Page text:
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Re: Delegating /24's from a /19
- From: Owen DeLong
- Date: Tue Mar 15 23:23:45 2005
Nor is he claiming it. Nowhere on the internet is there anything saying
Firstly he does NOT have authority for the /16 reverse. Lots
of latent problems there.
that the entire /16 should be looked up against his nameserver. No
should exist pointing to his nameserver as authoritative for the /16.
The convenience of having a zone file that is based on a /16 that he owns
part of does not create authority out of thin air, nor does it make any
meaningful claim to authority except to a system which (mistakenly) attempts
to use those nameservers as resolvers. Yes, if you are going to do this, it
is a prerequisite that your nameserver _NOT_ be anyone's resolver.
Huh? I'm not sure what you mean by "sideways delegations". It is
Secondly sideways delegations don't work.
perfectly acceptable, for example, for:
a.root-servers.net returns 16.172.in-addr.arpa. IN NS ns1.arin.net.
ns1.arin.net returns 124.16.172.in-addr.apra. IN NS ns1.foobar.com.
ns1.foobar.com. returns 124.16.172.in-addr.arpa. IN NS ns1.subsidiary.com.
ns1.subsidiary.com. returns 220.127.116.11.in-addr.arpa. IN PTR
This does work. This is what is being proposed.
Thirdly I'm sick and tired of having to debug stupid
schemes ISP's come up with to try to avoid SWIPing the
nameservers in situations like this. They don't work
or they don't meet the customers expectations (i.e.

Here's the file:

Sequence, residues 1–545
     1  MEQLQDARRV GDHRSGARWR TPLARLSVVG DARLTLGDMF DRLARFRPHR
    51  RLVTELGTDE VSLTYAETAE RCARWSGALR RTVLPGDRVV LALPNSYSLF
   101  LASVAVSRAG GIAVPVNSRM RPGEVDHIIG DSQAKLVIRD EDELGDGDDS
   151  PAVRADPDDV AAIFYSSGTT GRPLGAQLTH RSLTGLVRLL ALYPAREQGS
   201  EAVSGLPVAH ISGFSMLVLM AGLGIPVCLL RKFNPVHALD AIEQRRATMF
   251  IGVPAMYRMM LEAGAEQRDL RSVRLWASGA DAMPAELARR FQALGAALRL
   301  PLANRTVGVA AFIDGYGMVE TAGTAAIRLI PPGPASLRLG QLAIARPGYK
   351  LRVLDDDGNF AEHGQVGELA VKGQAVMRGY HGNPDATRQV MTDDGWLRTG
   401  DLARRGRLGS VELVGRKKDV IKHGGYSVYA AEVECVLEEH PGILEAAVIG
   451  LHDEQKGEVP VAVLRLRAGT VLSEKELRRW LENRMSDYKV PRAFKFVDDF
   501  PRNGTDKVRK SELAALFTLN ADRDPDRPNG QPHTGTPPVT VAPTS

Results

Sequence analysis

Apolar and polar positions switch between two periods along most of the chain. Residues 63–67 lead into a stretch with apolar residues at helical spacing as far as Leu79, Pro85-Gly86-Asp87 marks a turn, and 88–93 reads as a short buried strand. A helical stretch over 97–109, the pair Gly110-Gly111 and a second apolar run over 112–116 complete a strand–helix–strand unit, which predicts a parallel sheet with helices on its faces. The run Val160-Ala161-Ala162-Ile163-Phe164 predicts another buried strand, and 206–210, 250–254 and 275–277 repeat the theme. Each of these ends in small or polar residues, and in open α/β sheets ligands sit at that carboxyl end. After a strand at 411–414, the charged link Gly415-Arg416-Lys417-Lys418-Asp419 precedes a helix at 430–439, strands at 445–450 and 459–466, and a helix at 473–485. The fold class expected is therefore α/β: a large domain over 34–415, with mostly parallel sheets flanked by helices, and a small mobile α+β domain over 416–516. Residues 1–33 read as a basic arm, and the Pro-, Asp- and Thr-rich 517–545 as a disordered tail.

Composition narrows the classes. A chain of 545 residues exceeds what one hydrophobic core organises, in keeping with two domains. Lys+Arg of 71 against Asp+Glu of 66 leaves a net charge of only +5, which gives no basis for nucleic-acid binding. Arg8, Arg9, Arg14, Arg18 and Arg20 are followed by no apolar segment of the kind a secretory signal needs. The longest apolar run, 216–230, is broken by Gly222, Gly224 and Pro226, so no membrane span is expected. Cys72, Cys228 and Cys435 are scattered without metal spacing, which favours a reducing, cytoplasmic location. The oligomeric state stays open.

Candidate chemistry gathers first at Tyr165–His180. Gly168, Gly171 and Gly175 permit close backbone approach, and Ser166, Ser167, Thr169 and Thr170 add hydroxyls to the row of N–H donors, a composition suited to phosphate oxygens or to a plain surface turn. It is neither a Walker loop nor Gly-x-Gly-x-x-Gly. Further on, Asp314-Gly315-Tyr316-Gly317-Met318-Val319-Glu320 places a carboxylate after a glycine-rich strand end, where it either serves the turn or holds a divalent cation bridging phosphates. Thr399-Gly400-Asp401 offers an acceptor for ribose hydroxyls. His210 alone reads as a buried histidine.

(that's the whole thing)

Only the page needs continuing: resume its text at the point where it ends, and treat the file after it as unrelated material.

they have a /24 and should just be able to use x.y.z.in-addr.arpa
and have it work reliably).
So don't debug them. As long as ARIN has all of the /24s within the /19
pointing as NS records to the nameserver which contains the partially
populated /16 zone file (or which secondaries each of the relevant /24 zones
from their true owners), things work just fine. Nothing really to debug.
Delegation is the DNS is strictly hierachical.
I don't see where the above breaks this.
You either SWIP the new servers or you slave the zones
from the customer. In both cases you are following the
delegation heirarchy. Note even if you slave the zones
you still have to ensure the delegation is correct.
I guess we will have to agree to disagree on this. I will point out that
the above solution is working in a number of networks without problem.
Sure, if you screw it up, it doesn't work. That's true of DNS generally.
P.S. Learn to trim quotations.
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